Just because Homo Unius Libri is posting an inordinate amount of material about this tired subject on here, doesn't mean it is (or ever) was relevant. Even to its own: http://www.aomin.org/aoblog/index.php?itemid=4672

The barely credible protestants (ones who directly follow Luther) do not subscribe to Calvinism. Just the new-age, "born again" types, who don't subscribe to Christianity either. They are, as I have pointed out, much more theoretically compatible with atheism.
loveandormoney
Quote:

The right hand of God. I didn't think God had any hands.


Where did You find a hand?
nickfyoung
loveandormoney wrote:
Quote:

The right hand of God. I didn't think God had any hands.


Where did You find a hand?



Isn't Jesus sitting at the right hand of God.?
loveandormoney
No.
I think You have a bad translation.
Jesus is not sitting.


Sorry there are many many many bad translations in the world.

90% of translations Spanish Vulgata English French are wrong

Example:




In the beginning God created the heaven and the earth.
King James
Wrong translation.
Dialogist
loveandormoney wrote:
No.
I think You have a bad translation.
Jesus is not sitting.


Sorry there are many many many bad translations in the world.

90% of translations Spanish Vulgata English French are wrong

Example:




In the beginning God created the heaven and the earth.
King James
Wrong translation.


Vulgata: Genesis 1:1

In principio creavit Deus caelum et terram?

Translation:

In the beginning God created the heavens and the earth.

Septuagint: Genesis 1:1

ἐν ἀρχῇ ἐποίησεν ὁ θεὸς τὸν οὐρανὸν καὶ τὴν γῆν

Translation:

In the beginning God created the heaven and the earth.

There's only the ancient Hebrew before these two, and while this guy,

http://ancienthebrewgrammar.wordpress.com/2011/11/11/genesis-1-hebrew-grammar-translation/

who seems rather angry in his writing prose (and also, at times entertaining, due to this) only really finds flaws in the grammatical translation of the noun-bound-to-claus structure of the old Hebrew texts. He eventually drops his own translation:

“In the beginning period that God created the heavens and earth (the earth was formless and void, and darkness was over the surface of the deep, and the wind of God was hovering over the surface of the waters), God said, ‘Let light be!’”

There's many losses in translation in the Bible but a lot of them occurred later on, especially when America got involved and wanted Jesus "hanging out" by the Sea of Galilee and so on. The further back you go, the more credibility the texts have in their translations. The Vulgate is only three books in and not only was Jerome an excellent multilinguist, he, unlike his modern counterparts could have lost his head for misinterpreting one single accent or ascender.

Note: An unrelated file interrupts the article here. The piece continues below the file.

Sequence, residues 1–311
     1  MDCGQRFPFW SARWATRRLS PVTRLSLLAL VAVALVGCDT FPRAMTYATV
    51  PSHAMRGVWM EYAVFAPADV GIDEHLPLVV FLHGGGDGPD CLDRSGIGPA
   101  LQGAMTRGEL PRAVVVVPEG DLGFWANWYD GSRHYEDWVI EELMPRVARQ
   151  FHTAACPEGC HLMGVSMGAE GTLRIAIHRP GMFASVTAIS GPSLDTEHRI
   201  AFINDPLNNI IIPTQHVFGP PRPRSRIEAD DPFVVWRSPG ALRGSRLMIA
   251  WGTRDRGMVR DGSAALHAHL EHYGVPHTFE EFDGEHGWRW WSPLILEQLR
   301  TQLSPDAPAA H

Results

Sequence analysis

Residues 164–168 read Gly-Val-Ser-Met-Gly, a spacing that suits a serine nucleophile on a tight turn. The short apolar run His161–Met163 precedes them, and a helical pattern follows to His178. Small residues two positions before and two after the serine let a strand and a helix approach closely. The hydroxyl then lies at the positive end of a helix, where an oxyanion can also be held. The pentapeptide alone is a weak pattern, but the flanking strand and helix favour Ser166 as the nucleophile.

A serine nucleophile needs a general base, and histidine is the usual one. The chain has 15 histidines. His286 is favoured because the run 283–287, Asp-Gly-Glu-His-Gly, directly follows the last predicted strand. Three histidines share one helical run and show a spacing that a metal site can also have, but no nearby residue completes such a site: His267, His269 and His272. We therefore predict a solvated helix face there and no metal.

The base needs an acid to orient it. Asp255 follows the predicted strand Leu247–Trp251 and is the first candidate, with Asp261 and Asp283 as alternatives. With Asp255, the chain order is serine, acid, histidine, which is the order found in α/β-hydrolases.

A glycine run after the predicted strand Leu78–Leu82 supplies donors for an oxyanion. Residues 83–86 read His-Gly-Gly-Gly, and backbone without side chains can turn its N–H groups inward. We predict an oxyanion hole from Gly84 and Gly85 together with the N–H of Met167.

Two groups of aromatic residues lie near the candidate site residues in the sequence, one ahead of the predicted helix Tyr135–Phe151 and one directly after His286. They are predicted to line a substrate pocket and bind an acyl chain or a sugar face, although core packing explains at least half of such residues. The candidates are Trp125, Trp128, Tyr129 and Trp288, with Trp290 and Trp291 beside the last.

Edit: I'd also like to add that Tyndale and Wycliff did lose their lives for translating the Bible incorrectly, and while it is incorrect that they should lose their lives, it's not incorrect that they translated the Bible incorrectly.
loveandormoney
Quote:


Vulgata: Genesis 1:1

In principio creavit Deus caelum et terram?

Translation:

In the beginning God created the heavens and the earth.



Good morning.
Thank You for Your answer.
Both translation are wrong, Latin and English.
I prefer to speak about English, because the problems are the same
and so everybody else can control it.
In the beginning God created the heavens and the earth.
This is wrong.
In principio creavit Deus caelum et terram?
This is wrong.

The question is,why do interpreter and translater do translate wrong.
If You study, and You would translate like this, the teacher will see and recognize the mistake.
I know, there are no translations, because
Spanish SI and English YES are not the same.

Regards
Dialogist
loveandormoney wrote:
The question is,why do interpreter and translater do translate wrong.


I have just asking to myself this also.
loveandormoney
Without knowing each interpreter:
Misusing the power.
Dialogist
Good morning.

I don't speak French and only Spanish sporadically, so I'm definitely not making fun of your grasp on English. English is one of the most difficult languages to learn to an Englishman, let alone an outsider.

I'm just enjoying the irony of your criticisms of translators, when you should have either used one, or did use a crappy one to type your incoherent message complaining about losses in translations (which I still managed to get the general gist of). The latin vulgate is the best translated version of the Bible we have because Jerome only used the Septuagint when he struggled to find latin equivalents for terms within the Hebrew OT. It is a hybrid translation in that respect. The best of the good for both translation from Hebrew with backup reserve from the Greek from the Hebrew. He's also doing so at a time when the church was still apostolic (circa 4th-century, and the Church was established, 303 - 400 A.D. ). The Vulgate is still used by that church to this day. It's western followers read the Douy Rheims (the vulgate in English). The loss in translations are there, all right, but as I've hoped to outline above, they are few, the very best we could do, and considerably more reliable than anything since.

Good Morning (6:30am, 10:29pm and 4:17pm)? Does the sun never set in France?

Regards.
mgeek
What competence do you have to say that a translation is not possible or is wrong?
loveandormoney
Good morning.Try to translate the Spanisch word "Si" to the English word "Yes."
And You will see, it is not possible.

regards
SonLight
loveandormoney wrote:
Good morning.Try to translate the Spanisch word "Si" to the English word "Yes."
And You will see, it is not possible.

regards


To translate _exactly_ or _perfectly_ from one language to another is impossible. To give the general meaning is not only possible, but is the normal result of Bible translations.